Black History Month: Sarah Breedlove – The First African-American Millionaire
Sarah Breedlove was born on 23rd December 1867 to Mr. and Mrs. Owen and Minerva Breedlove in a little village in Madison Parish found in Delta, Louisiana. At these ages, slavery was still the norm, and both of her parents and older siblings were working as slaves on the Madison Parish plantation owned by one Robert W. Burney (according to the Madison Parish census of 1850). Luckily for Sarah she was the first child in the Breedlove family to be born after the signing of the Emancipation Proclamation.
Sarah’s mother died in 1872, and shortly afterwards her father followed both falling victim to the Yellow Fever. When Sarah was 10 years old, she and her elder sister Louvenia and brother in law Willie Powell relocated to Vicksburg in a bid to run away from the fever epidemic as well as finding a job. The two sisters found work as maids, and Sarah lived with her sister and her husband. However it is said that her sister’s husband was a cruel man who abused Sarah. Hence Sarah was more than eager to leave her sister’s house and decided to get married at the tender age of 14 years to Moses McWilliams. In those ages it was normal for young girls to get married at such tender age. Her marriage gave forth her daughter Lelia Walker (A’Lelia Walker). Sadly Sarah lost her husband McWilliams when her daughter was just 2 years old to murder. This left Sarah as a widow and a single parent at the age of 20.
Mrs. Sarah McWilliams decided to get married the second time on the August of 1894 at the age of 26. She married John Davis, but their marriage was quite rocky lasting less than a decade. After her divorce from her second husband, Sarah and her daughter Lelia relocated to St. Louis, Missouri where her brothers lived, to begin a new life there. She found a daytime working as a laundress, and attended night school. She got a break in life in 1905, and her life changed dramatically for the better. In this year, Sarah invented a Hair Straightening process for the Africans Americans’ hair. This process entailed using combs, brushes and heat and this invention would quickly become popular across North America. It was during this time, that she met Charles Joseph Walker, who worked as a newspaper advertising salesman. The two fell in love and got married in 1906, and Sarah changed her name to Madame C.J. Walker in marketing her invention. Unfortunately her 3rd marriage lasted for four year.
But before her divorce to Mr. Charles Walker, Madame C.J. Walker (Sarah’s new name) opened up a business office in Denver. She traveled with her husband far and wide to market her product while leaving her daughter Lelia to handle all the mail-orders of the business back at home. In 1908, Madame Walker opened up a training school for beauticians in Pittsburgh and she was in charge of it for the next two years. She called her school the “Lelia College for Walker Hair Culturists”, this college was teaching women on how to be “Walker Agents” and thus enable them to sell the Walker’s hair care products from door-to-door across North America. In 1910, Madame Walker is said to have had over a thousand women on her payroll, all employed as sales agents. Madame Walker decided to relocate her company’s headquarters to Indianapolis, Indiana although she was still very successful in St. Louis Missouri, but the relocation was a strategic business move to increase her productivity. Indeed her relocation to Indianapolis made her business experience unprecedented booming.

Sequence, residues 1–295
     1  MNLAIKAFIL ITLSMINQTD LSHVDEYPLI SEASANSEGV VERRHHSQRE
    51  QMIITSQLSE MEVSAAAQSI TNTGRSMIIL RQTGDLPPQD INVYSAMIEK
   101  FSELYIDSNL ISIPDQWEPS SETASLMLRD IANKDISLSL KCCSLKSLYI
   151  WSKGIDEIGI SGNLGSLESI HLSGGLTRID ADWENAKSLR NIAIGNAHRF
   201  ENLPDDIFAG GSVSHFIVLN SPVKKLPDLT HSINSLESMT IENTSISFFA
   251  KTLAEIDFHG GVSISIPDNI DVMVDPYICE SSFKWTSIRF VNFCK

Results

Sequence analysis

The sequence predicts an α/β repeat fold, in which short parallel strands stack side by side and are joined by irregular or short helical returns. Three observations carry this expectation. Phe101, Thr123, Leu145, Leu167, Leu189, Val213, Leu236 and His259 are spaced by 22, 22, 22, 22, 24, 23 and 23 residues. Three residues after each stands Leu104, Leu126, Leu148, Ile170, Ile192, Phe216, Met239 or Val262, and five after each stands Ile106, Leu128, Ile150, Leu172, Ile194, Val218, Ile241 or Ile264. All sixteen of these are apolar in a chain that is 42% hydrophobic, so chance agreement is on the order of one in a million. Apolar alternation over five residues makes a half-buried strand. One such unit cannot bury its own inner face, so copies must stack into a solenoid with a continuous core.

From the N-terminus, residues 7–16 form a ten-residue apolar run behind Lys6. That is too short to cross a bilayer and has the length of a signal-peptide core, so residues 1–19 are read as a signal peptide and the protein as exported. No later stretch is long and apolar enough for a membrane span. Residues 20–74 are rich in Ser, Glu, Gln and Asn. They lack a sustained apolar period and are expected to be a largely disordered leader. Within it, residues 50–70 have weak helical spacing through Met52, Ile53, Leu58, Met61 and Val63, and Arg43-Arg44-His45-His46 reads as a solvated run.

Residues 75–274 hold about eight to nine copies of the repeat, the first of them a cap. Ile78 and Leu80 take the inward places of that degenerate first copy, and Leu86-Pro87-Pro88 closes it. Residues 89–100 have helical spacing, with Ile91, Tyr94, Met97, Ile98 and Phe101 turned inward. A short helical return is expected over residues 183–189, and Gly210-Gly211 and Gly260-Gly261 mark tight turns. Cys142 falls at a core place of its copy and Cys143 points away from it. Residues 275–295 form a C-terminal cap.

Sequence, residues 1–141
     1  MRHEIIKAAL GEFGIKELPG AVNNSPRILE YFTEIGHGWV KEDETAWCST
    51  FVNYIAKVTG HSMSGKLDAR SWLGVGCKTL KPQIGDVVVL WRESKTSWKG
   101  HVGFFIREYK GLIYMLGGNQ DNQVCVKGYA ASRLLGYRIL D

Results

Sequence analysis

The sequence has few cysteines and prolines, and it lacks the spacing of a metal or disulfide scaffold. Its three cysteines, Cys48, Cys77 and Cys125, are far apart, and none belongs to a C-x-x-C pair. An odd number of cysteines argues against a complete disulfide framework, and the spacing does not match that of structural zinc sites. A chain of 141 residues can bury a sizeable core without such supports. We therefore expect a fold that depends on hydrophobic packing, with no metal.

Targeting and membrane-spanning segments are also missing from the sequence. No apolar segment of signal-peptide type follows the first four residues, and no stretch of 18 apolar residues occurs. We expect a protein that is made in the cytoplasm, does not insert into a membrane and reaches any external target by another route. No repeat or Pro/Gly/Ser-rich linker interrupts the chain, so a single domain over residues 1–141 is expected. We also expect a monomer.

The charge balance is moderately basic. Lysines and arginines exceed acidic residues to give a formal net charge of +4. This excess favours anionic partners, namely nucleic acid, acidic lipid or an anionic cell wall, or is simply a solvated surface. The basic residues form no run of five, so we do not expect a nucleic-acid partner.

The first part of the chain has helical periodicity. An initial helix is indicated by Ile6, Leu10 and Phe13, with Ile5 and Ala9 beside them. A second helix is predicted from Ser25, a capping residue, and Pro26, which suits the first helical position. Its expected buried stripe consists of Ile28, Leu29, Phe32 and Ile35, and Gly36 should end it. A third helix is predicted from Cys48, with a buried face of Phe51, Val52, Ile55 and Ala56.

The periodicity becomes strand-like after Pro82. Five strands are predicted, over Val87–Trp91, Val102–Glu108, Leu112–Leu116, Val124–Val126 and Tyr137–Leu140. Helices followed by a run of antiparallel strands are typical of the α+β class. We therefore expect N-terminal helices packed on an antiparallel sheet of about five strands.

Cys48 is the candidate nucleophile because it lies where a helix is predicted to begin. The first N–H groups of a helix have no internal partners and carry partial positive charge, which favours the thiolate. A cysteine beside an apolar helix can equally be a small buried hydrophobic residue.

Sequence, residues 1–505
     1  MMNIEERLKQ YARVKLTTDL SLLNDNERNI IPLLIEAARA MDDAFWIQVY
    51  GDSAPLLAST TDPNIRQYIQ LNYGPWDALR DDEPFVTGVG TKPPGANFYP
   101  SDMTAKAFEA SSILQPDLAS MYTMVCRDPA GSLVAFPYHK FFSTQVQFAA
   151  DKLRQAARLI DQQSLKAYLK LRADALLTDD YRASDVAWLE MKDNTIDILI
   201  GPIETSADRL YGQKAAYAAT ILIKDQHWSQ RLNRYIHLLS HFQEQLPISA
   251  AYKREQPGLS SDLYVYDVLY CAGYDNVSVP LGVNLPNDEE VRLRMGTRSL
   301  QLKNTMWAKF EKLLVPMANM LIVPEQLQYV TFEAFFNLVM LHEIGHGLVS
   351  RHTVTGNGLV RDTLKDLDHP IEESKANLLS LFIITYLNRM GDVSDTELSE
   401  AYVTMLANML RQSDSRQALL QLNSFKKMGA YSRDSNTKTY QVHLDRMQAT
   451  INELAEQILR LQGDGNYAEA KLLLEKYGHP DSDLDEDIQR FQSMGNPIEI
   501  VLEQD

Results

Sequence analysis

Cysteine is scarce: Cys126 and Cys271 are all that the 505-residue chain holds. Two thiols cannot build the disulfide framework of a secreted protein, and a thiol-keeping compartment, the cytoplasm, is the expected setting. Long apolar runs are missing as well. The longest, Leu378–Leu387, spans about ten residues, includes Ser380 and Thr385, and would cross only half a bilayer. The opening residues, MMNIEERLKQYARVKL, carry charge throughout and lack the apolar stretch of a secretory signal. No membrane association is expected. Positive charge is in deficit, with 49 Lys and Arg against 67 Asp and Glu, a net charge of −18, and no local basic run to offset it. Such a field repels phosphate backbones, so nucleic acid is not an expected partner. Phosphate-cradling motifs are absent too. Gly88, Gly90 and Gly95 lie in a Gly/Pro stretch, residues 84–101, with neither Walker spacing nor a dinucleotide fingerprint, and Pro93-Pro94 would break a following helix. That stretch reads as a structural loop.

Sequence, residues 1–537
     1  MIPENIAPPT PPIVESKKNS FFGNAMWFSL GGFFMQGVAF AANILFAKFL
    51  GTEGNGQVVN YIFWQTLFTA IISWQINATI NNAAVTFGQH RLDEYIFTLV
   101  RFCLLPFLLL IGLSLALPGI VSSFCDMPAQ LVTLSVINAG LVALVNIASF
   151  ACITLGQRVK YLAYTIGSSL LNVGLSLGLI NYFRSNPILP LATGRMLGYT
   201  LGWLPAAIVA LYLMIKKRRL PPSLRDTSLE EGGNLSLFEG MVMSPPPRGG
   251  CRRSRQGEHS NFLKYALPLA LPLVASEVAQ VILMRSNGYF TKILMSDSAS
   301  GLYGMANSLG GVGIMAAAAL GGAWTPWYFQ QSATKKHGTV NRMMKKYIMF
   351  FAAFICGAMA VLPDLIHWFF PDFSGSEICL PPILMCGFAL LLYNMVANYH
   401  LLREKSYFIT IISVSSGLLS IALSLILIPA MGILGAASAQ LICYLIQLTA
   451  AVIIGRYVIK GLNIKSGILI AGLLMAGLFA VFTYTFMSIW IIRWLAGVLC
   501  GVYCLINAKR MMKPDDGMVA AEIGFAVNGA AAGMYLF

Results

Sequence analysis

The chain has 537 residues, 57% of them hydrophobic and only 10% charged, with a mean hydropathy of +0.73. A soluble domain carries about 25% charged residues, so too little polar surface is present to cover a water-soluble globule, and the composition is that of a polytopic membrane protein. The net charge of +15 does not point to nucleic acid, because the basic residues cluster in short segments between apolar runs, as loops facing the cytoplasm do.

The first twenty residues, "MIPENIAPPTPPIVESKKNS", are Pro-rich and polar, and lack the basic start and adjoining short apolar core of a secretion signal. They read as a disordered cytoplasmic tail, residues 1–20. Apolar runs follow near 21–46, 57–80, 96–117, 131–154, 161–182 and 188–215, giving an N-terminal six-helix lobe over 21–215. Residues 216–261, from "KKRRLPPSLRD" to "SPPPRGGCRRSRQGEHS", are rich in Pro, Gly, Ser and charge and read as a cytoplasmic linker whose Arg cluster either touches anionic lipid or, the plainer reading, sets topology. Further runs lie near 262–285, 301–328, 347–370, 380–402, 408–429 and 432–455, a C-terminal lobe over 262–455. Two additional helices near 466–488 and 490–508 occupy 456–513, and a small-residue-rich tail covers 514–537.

She also started giving lectures on the economics, political and social affairs at various conventions sponsored by powerful black institutions of the time. After the East St. Louis Race Riot, Madame Walker joined other leaders of the National Association for the Advancement of Colored People (NAACP) and together they championed the legislation that made lynching a federal crime. Madame Walker’s business got a whole new level of success by her relocation to Indianapolis and by the year 1914, when Madame Walker was 47 years old, she officially became the first African American to become a millionaire. This gave her respect and acknowledgement from people of all back grounds and races. In the year 1918 at a biennial convention of the National Association of Colored Women (NACW), she was given distinguished recognition for having made the biggest contribution that saved the Anacostia (Washington, DC) house of abolitionist Frederick Douglass. Her contribution of monetary support to the NAACP, YMCA, black schools, individuals, orphanages, organization and retirement homes continued throughout her career.
She decided to relocate to Invington-on-Hudson, New York in 1917 to the Villa Lewaro estate that was designed by Vertner Tandy, who was the first black architect to be licensed in the State of New York and he was the founding member of the Alpha Phi Alpha fraternity. Madame Walker’s house cost $250,000 to build; she died at her Villa Lewaro on the Sunday of May 25th 1919 from hypertension complications at the age of 51. At her death, she was paid much tribute for being the wealthiest African-American woman in North America and was the first self-made American woman to become a millionaire. After her death A’Lelia Walker took over Madam C.J Walker Manufacturing Company as the president.